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Bright pink lake in Senegal is as salty as the Dead Sea
Salt harvesters spend seven hours a day immersed in the lake
Each bucket of salt makes them just 60 cents
On the edge of Senegal’s Cap Vert peninsula, a lush coastal region, lies Lake Retba … a coral pink lake.
Nestled between white sand dunes and the Atlantic Ocean, this unique body of water was once the finishing point of the off-road car race, the Dakar Rally.
The three square kilometer fuchsia lake has been a candidate for UNESCO World Heritage status since 2005 and is fast becoming one of Senegal’s most popular tourist destinations.
While the rally may have shifted to South America five years ago, men and women from West Africa continue to come here for an entirely different reason – to harvest salt.
The salt content of Lake Retba or Lac Rose, as it’s locally known, rivals that of the Dead Sea – exceeding 40% salinity in some parts – and it is a combination of the sun and a salt-loving micro-algae, dunaliella salina, which has turned the water a brilliant shade of strawberry pink.
Men once used to fish in the lake but by the 1970s, in response to ongoing droughts and economic hardship, locals began to collect and sell salt to supplement their families’ income.
24-year-old Moussa Fame came from Mali to work in the lake seven years ago. He works alone, chest-high in the lake, for seven hours a day with the most basic of tools – a basket, spade and stick.
To protect his skin from the harsh salinity, Fame rubs shea butter on his body before entering the water.
“As a harvester, if you don’t put shea butter on your skin, the salt will damage it and cut you,” he said. “The longer you stay inside the lake, the larger the salty water makes your wounds. If you do not cover those wounds with shea butter, they will become worse.”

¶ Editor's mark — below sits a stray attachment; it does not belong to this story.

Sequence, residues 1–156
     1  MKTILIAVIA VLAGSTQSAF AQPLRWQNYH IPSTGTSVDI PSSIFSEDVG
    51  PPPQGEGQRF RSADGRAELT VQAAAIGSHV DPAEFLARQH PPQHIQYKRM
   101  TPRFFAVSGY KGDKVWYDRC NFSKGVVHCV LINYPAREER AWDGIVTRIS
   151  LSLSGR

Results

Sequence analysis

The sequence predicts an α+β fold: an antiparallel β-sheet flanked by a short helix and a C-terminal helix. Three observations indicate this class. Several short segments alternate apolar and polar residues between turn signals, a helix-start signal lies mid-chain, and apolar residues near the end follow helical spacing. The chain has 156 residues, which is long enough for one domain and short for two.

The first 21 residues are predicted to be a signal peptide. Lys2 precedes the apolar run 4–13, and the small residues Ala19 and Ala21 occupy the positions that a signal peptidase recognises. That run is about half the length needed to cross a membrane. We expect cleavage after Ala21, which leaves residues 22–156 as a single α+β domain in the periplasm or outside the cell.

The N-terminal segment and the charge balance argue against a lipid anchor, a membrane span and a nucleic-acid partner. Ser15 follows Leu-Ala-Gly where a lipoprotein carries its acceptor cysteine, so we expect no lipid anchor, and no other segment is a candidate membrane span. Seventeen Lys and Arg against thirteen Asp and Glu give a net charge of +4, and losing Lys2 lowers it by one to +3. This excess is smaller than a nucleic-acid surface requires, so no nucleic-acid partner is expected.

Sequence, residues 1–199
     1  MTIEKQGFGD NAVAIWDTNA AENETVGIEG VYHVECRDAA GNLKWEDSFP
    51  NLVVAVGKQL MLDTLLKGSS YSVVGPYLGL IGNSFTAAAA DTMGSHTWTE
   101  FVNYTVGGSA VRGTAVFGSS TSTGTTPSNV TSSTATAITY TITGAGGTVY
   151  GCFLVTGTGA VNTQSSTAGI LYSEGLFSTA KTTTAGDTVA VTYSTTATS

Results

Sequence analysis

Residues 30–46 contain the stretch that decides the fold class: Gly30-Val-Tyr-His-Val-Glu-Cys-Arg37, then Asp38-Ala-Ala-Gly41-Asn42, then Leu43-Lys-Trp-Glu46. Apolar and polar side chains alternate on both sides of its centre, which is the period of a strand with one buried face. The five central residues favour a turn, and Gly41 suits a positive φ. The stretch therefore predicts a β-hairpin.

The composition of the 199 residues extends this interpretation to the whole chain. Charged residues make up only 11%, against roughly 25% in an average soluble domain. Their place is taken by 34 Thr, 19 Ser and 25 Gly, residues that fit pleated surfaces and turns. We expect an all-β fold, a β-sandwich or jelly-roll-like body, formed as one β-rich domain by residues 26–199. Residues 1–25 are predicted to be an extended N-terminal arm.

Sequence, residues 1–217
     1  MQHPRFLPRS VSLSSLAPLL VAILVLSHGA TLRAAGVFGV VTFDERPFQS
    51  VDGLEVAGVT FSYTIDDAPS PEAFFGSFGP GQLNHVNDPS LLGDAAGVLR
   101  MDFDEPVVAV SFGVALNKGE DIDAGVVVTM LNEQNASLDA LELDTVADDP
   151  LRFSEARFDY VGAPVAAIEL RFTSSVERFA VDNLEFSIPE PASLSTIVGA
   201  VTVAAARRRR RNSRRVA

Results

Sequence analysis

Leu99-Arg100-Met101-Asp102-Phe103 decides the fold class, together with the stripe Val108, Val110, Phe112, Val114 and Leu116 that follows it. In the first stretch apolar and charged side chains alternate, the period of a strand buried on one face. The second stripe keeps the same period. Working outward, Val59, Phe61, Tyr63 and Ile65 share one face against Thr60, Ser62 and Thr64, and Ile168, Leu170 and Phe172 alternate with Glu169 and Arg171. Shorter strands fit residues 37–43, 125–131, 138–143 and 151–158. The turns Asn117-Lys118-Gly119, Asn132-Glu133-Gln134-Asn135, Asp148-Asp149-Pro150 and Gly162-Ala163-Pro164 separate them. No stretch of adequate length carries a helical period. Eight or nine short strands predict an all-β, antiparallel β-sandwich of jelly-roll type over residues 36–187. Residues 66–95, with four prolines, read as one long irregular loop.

With a depth of only three meters, Fame paddles to his chosen area using a long stick to push against the bottom of the lake. The boat he rents is called a pirogue and is made of wood – any engine or metal fixture would immediately start to rust.
“I know where to collect the salt from. When the stick I am using touches the salt, I can feel it,” Fame said.
“If I find a place, I attach my boat and use the shovel to see if there is enough salt in that place. After that, I put the sticks in place and start piling the salt around those sticks.”
It is estimated 1,000 people work around this lake – 600 men and 400 women who collect 24,000 tons of salt each year.
“The people working here as harvesters are Malians, some are Guineans, some Ivorians, Burkinabe and even some from Guinea-Bissau. There are also some Senegalese,” Moussa said.
It is mainly men who work as harvesters, filling their baskets with salt before heaving it over their heads into their boats.
“Sometimes I harvest 10 to 12 buckets,” Fame said.
By the time Fame paddles back, his 21-year-old wife, Mariame, is onshore, awaiting his return to carry the salt from boat to land. Fame makes 60 cents for each bucket of salt he collects. His wife earns five cents for every bucket she transports.
In the midday heat, men and women move between piles of salt – transporting, drying and trading the mineral. Over 70% of it is exported around West Africa, particularly to the Ivory Coast.
“Here, we have two different types of salt,” said Demba Dieng, a wholesaler who buys and re-sells salt. “The first is called ‘medium salt.’ This type of salt is bought by people drying fish or working in the leather industry.
“The ‘big salt’ is the second type which we use in Senegal in our food,” he said. “However, in Europe, they use the ‘big salt’ to melt ice on the roads.”
While most of Fame’s salt will be sold on, he has kept some for his family back in Mali in the hopes that one day, he can share it with his father, who also used to be a salt harvester on Lake Retba.
“It will be a gift to my mother that she will cook with,” he said.